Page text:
Monday, July 28, 2014
PLACERVILLE, CALIFORNIA
99 CENTS

The weekly Daley: Good news, bad news or not even news?

By
From page A4 | May 16, 2014 |

It’s prom season and the prom fashion police appear to be out in force. Reports abound that this girl or that boy has been denied entrance to the prom because she or he was wearing an outfit that didn’t suit those in power in their school or school district.

CNN online gives a brief history of incidents wherein the kids were banned from their prom over the past several years for wearing a dress that showed too much cleavage or was too short according to school staff’s standards. In a couple of cases boys were refused entry because they were wearing dresses and either admitted they were gay or otherwise broke with convention. One lad wasn’t allowed to wear his family’s kilt because it seemed somehow inappropriate to those in charge.

Other cases said that the students weren’t admitted even though their dresses were longer than the minimum required length. Several lawsuits are pending apparently. If you’ve been on a high school campus lately you’d be hard-pressed to believe that a dress at or below the knees wouldn’t get past the prom police.

On the good news slate, from our very own Bakersfield, a little boy was riding a tiny little bike on the sidewalk when a dog attacked him. It wasn’t much of a dog but it might have outweighed the boy who looked to be 3 or 4 years old. The dog grabbed the boy by the leg and pulled him over onto the sidewalk, and clamped on to his leg. Suddenly from out of nowhere, a good-sized cat joined the fray, jumping and crashing into the dog. The dog fled and ran around the back of a vehicle parked in the driveway of the house with the cat in hot pursuit. Later photos showed the boy’s leg with a couple of bite marks and stitches. Evidently the cat belongs to a neighbor, but it was not clear who the dog belongs to. It’s a great David and Goliath story. It seems the video was shot by the boy’s father but that’s not 100 percent clear. It seems like if it was the dad, he should have been out chasing the dog off instead of waiting for the cat to do it. But I may have that wrong. It’s 20 seconds of pure fun except for the part where the little boy gets bit and needs stitches.

Twenty-five percent of the world is anti-Semitic, according to a survey sponsored by the Anti-Defamation League. Included in that figure are apparently millions of Asians and Africans who have never met a Jew and who have never heard of the Holocaust. The way the survey was constructed asked the respondents to say yes or no to questions like, “Do Jews control the world’s finances?” and “Are Jews only interested in their own welfare and well-being?” Not surprisingly, most of the middle east and north Africa showed the highest rates of anti-Semitism.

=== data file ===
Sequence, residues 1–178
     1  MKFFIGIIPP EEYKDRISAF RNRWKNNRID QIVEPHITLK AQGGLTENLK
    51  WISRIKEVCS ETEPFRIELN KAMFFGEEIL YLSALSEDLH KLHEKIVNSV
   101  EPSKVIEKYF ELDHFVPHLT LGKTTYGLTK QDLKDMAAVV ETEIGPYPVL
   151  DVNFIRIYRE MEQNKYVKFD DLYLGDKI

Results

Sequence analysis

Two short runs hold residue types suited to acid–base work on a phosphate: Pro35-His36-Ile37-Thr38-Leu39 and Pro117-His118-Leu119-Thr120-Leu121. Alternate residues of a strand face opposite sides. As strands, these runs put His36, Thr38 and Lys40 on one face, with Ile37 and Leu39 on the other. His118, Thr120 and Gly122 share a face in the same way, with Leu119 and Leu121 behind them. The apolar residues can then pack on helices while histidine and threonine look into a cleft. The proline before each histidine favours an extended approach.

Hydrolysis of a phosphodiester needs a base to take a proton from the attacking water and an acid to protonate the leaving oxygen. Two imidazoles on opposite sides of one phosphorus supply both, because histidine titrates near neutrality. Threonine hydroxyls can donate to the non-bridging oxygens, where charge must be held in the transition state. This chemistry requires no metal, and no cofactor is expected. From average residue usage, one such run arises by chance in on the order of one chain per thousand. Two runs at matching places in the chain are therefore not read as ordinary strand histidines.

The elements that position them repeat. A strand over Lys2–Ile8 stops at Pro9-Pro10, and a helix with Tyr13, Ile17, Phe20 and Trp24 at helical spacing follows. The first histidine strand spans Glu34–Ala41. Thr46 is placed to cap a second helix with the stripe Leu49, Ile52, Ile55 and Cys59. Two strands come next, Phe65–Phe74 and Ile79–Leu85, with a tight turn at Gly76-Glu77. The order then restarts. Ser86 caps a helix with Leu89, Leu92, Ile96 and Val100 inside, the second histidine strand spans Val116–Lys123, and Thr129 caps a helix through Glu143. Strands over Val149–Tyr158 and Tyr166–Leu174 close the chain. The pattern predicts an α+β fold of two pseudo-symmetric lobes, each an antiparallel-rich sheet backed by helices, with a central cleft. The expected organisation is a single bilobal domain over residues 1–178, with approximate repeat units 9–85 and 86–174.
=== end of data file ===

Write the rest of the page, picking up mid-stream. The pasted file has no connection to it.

In 2014, that’s just chilling. I wouldn’t be surprised if the same percentage knows exactly who Donald Sterling is but maybe don’t know that he’s Jewish, which is a statement only on media coverage and not on overall intellect or education.

Remember Cliven Bundy? Yeah, me neither. Remember Malaysia flight 370? Me neither except for the breaking news every six minutes that reports nobody knows anything more than they did six minutes earlier, and they think maybe they were looking in the wrong place. But they’re going to continue looking in other places unless or until they decide not to. Who’s planning to pay for what’s already been done and for what is yet to be done is also unclear.

If you’ve been in a coma or out of the country, you may not know that the St. Louis Rams have drafted and signed the first openly gay football player to make it to the National Football League. Pictures show him in tears kissing his boyfriend after hearing the news. If there’s any justice, he’ll be a premier star in the world of football on the basis of his athletic skills and savvy and not some kind of anomaly that stays as headlines for the next many years.

Should Nigeria trade incarcerated Boko Haram members for kidnapped girls? Well, there’s one for the philosophers, political mavens and moral experts. I’m inclined to say yes. They can always go after the rebels later. Whether or not it’s good business to do business with so-called terrorists is the up-in-the-air question. Sometimes it probably is and sometimes it probably isn’t. In this case it probably is — as long as there’s a plan in place to secure girls in the future. If not, then it won’t solve anything except bringing the actual victims home. That’s a good start. How to protect them and others in the future is yet to be worked out.

Practicing one’s religion in many places is likely to end badly. A Christian woman in Sudan has been sentenced to death for allegedly converting from Islam and marrying a Christian. Both actions apparently are capital crimes under Sharia law so the combination of both is deserving of particularly strenuous punishment. Our good friend Saudi Arabia is on the list of the top eight countries with the worst anti-religion laws. There is no religion other than Sunni Islam that is tolerated in the kingdom.

China, Iran, Burma and a couple of others like Uzbekistan are on the list for the least tolerance of religious diversity. As luck would have it, I’m not interested in going to any of those places anyway, and that’s just another good reason not to.

Chris Daley is a staff writer and columnist for the Mountain Democrat. His column appears each Friday.

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